Since dogs feel responsible for their own territory, insecure dogs need less space to protect. A crate (rather than the entire house) means less territory to patrol, making it easier for them to relax.
Tips for Successful Crate Training
The first and most important step in crate training is making it a positive experience. Try feeding them meals or treats in their crate so crate time feels like a reward. Never leave dogs in their crate all day. Limit crate time based on how long they spend in their crate daily, their age, and level of house training.
Understanding the need for crate training is just the first step, but the training itself is another matter entirely. Make sure to do extensive research on how to crate train your dog, and be sure to stick to your plan to ensure the greatest chance of success.
How to Crate Train Your Dog in Nine Easy Steps
Crate training isn't "imprisoning" your dog. It gives them their own space and can calm anxiety.
Create positive associations with the crate through the use of treats and games.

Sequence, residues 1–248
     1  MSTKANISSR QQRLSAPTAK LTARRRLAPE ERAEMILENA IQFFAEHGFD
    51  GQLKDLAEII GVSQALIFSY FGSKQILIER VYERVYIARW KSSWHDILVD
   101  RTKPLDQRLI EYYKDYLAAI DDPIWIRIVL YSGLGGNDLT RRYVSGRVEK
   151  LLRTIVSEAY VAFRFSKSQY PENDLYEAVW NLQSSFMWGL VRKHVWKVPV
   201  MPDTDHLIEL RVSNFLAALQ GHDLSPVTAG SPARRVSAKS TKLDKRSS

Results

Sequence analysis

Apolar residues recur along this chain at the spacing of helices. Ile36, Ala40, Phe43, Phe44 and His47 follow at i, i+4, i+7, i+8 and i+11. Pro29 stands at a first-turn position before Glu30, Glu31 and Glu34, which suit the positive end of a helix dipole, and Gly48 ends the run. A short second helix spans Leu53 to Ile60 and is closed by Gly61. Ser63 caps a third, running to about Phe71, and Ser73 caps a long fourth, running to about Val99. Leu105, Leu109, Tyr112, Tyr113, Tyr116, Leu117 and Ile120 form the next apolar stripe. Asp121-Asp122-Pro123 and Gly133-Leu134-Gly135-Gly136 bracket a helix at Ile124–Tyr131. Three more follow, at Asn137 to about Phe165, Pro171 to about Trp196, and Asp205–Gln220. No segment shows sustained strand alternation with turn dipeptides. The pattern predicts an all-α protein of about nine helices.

Be patient — crate training can take six months of consistent training.
We all want a well-behaved dog that doesn’t tear things up and goes to the bathroom outside — and dog crate training is an important part of that. A crate creates a safe environment for your dog and a space that belongs to them.
While many people view crates through the human lens of being “caged up,” dogs are naturally den animals and most enjoy being in small, enclosed places. A crate provides them with a feeling of security, and when trained to use them from an early age, crates can help calm anxiety.
We talked to Anna Flayton, senior dog trainer for PUPS Pet Club in Chicago, for her advice on how to crate train your dog.
Step 1: Choose the Right Crate for Your Dog
Finding the best crate for your dog is key.
“You want to get one that’s durable, comfortable, and flexible with whatever training you’re doing,” says Flayton. For dogs that prefer to sleep in the dark, she recommends kennel or airline crates (which are more enclosed), while wire crate work best for other dogs. It’s important, she notes, that you don’t buy a crate that is too big for your dog. “Depending on how big your dog is going to get, buy the right crate for their adult size,” she advises. “Then get a divider so you can build the space and grant them more and more space.”
A good way to determine the correct size is to measure your dog's height when standing (top of the dog's shoulder to the floor) and length (tip of the dog's nose to the base of its tail). Then, add 4 inches to the dog's measurements to determine the best dog crate size.
Step 2: Establish the Proper Mindset